Star Trek V: The Final Frontier, film, 1989, dir. William Shatner
I could have done without. There's some well-intended elements—namely, to give glimpses into the backstory and private lives of the crew—but they're ineffective; meanwhile, the humor is cringe-inducing and while the plot echoes some reoccurring series themes, it does a poor job of it and the fake god is particularly clumsy. I wish it had gone in a different direction—I would have loved to better explore the experience of a Vulcan with emotions.

Star Trek VI: The Undiscovered Country, film, 1991, dir. Nicholas Meyer
This is such a rewarding endnote. The murder-mystery plot isn't flawless (the courtroom scene is frustrating, despite the appearance of Michael Dorn; the clue-search aboard the ship tends toward silly), but the balance of the plot's momentum and the depth of the metaphor is almost flawless. I love to see Kirk confronted, to see him proven wrong and forced to change; I love a bit less Spock's flaws, but the Kirk/Spock/McCoy dynamic in this film is some of my favorite in the series entire. This may be the most enjoyable and watchable of the films—and final voice-over and the signatures on the stars was the most perfect of all possible conclusions. (Reader, I cried.)

This is the final cruise of the Starship Enterprise under my command. This ship and her history will shortly become the care of another crew. To them and their posterity will we commit our future. They will continue the voyages we have begun, and journey to all the undiscovered countries, boldly going where no man ... where no one has gone before.



Bonus, crossposted from Tumblr: In defense of 3.20 The Way to Eden )
juushika: A black and white photo of an ink pen. (Writing)
What impresses me while reading the original novels is how good NBC Hannibal is a retelling.

There’s a sweet spot in retellings: enough references to the source material to justify basing it there, enough originality to justify retelling it. It's difficult to get right, and often separate from the work’s other merits—take as example Pamela Dean's Tam Lin: an engrossing, cozy narrative about coming of age and academia, with a Tam Lin ballad crammed into the closing act; the inspiration is great, the book itself is lovely, but the actual retelling feels clumsy.

NBC Hannibal occurs pre-Red Dragon but is more than happy to pervert canon; the characters are harvested from the book, but gleefully recast (gender and racial diversity, in my TV?) and fleshed out; later interactions between Will and Hannibal mimic interactions between Clarice and Hannibal in the third book; some lines appear verbatim, out of another character’s mouth; showstopping scenes (dat burning wheelchair) reoccur, enacted by different people with different results; and this is my favorite bit: Will’s house seems to be inspired by the house in which Harris wrote Red Dragon and, himself, discovered Hannibal.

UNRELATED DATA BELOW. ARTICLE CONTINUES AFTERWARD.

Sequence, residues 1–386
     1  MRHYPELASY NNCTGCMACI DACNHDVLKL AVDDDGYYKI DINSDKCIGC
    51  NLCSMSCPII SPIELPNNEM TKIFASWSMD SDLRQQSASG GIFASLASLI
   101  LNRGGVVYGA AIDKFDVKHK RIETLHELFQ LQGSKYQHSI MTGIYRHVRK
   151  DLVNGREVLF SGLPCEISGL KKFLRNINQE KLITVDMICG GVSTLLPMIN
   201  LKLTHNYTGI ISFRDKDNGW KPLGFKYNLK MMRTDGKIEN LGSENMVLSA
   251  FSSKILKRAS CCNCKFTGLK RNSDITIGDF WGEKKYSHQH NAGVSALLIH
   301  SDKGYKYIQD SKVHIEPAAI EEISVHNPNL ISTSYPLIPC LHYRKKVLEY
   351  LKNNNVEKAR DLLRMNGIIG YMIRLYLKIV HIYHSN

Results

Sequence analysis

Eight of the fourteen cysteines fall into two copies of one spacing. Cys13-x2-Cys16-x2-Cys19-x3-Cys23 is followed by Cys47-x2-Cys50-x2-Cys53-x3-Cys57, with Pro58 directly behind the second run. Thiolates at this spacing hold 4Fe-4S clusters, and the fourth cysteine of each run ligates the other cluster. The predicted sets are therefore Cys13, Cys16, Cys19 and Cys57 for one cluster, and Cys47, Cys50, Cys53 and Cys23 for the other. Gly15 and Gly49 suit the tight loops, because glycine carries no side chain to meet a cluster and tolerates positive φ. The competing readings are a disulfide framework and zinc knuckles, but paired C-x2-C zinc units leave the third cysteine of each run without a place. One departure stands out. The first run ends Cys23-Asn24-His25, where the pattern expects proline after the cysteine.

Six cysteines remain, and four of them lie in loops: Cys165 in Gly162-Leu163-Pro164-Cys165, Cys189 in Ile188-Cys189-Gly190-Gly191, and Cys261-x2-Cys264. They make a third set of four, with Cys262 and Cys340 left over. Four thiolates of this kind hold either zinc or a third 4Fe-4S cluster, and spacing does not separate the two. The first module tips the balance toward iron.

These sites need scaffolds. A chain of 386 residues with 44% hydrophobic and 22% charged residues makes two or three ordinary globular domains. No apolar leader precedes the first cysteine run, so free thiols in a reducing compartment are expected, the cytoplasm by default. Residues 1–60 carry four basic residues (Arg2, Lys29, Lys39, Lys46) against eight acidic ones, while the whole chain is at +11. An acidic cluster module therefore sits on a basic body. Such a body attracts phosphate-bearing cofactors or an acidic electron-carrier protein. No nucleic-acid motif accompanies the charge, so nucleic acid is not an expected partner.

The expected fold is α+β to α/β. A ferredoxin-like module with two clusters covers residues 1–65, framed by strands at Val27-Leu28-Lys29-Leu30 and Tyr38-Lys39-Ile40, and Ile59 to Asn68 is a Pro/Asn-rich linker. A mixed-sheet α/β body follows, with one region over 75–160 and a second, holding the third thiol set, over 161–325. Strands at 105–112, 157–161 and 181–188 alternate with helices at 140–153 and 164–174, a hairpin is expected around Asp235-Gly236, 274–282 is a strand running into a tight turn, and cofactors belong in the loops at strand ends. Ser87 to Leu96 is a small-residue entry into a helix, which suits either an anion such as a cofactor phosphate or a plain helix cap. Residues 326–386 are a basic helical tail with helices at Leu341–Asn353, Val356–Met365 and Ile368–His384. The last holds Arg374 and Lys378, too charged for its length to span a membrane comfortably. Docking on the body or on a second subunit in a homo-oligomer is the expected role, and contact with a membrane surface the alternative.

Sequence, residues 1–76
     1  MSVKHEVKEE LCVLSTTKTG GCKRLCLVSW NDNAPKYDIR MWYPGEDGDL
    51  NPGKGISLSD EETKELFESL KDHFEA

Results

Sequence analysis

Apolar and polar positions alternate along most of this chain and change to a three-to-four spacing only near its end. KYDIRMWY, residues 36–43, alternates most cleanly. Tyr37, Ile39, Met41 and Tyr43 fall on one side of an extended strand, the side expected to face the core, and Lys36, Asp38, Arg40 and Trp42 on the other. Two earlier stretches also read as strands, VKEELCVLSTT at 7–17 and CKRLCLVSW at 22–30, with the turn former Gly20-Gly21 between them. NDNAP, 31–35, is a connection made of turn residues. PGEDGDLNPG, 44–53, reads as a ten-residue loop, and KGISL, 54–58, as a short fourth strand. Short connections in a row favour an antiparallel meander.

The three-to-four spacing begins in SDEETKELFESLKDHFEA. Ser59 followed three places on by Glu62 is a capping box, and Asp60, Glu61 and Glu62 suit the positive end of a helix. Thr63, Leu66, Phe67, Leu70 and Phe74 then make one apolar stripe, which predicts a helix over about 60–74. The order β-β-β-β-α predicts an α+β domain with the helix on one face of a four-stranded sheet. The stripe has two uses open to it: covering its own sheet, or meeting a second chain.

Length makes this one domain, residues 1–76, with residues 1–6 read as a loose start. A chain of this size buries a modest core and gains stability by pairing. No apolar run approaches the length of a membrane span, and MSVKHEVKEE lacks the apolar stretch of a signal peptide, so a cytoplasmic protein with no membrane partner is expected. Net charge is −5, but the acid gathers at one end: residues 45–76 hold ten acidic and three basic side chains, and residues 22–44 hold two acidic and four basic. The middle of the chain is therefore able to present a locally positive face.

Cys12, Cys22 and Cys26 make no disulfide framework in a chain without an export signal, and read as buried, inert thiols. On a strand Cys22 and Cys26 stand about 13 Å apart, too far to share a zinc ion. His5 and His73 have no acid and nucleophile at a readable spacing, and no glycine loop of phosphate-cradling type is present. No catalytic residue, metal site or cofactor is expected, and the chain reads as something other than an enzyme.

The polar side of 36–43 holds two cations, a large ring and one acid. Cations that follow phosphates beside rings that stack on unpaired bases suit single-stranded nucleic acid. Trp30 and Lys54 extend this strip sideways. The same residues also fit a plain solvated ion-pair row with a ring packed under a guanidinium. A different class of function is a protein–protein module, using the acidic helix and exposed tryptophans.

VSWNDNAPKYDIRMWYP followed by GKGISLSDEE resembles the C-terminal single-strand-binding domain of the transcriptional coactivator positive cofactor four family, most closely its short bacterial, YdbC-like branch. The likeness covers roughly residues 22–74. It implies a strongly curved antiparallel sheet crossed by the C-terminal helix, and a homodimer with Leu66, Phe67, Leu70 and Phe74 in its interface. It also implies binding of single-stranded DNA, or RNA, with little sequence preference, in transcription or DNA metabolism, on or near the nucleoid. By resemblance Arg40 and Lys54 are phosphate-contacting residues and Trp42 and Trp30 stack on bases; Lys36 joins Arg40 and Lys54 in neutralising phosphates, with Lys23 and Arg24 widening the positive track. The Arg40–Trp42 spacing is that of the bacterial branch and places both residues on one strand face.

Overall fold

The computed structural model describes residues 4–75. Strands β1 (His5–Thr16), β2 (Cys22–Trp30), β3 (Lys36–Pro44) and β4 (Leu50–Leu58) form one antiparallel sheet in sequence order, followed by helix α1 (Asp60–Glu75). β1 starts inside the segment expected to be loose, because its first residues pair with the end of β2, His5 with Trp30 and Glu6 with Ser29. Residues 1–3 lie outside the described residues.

So it has roots dug deep into the source material, but it’s also growing a metaphorical tree, a big old one. Some of what it has to say is questionable (the Hannibal/Clarice relationship becomes explicitly sexual; the same interactions recast as Hannibal/Will are not; meanwhile, when Bloom is recast as a woman, the Hannibal/Alana Bloom relationship is), but it is constantly, undeniably talkative. It’s more explicit than the source material, such that—

"The reason you caught me is that we’re just alike," was the last thing Graham heard as the steel door closed behind him.


—becomes an entire season. It shares Harris’s psychological overlay, but takes a more sensual approach to Harris’s predilection for discomforting physicality. It does what Red Dragon fails to do, what Harris began to do in later books: it casts Hannibal central, because he and his effects are what is most fascinating, but it explores those effects with more intention and result than the books.

My entire time spent watching Hannibal is spent going, oh, this is good; this is pushing itself forward, challenging itself, and it’s constantly good. Good doesn't happen often. And I continue to be surprised to find it’s not just good in its own right, but also as a retelling. It’s all around, intentionally, well done. Now that’s super rare.
juushika: Photograph of a row of books on a library shelf. (Books Once More)
Let's talk more about the Farseer Trilogy.

Remember what I wrote about tropes in Royal Assassin? Assassin's Quest is like that, but x1000. Found family/unusual intimacies overlap the companion animal trope in the last book as Fitz's Wit becomes public knowledge and those close to him begin to interact with Nighteyes.

Not everything always works. Hobbs puts aside three established characters and welcomes to new one, so the found family can feel forced; the unusual intimacies between characters are often so explicit that they almost feel forced, too.

But when it does work....

No. He turned to face me squarely, met my eyes as no wild wolf would have. We do not share. We are one. I am no longer a wolf, you are no longer a man. What we are together, I have no name for. Perhaps the one who spoke to us of the Old Blood would have a word to explain it. He paused. See how much a man I am, that I speak of having a word for an idea? No word is needed. We exist, and we are whatever we are.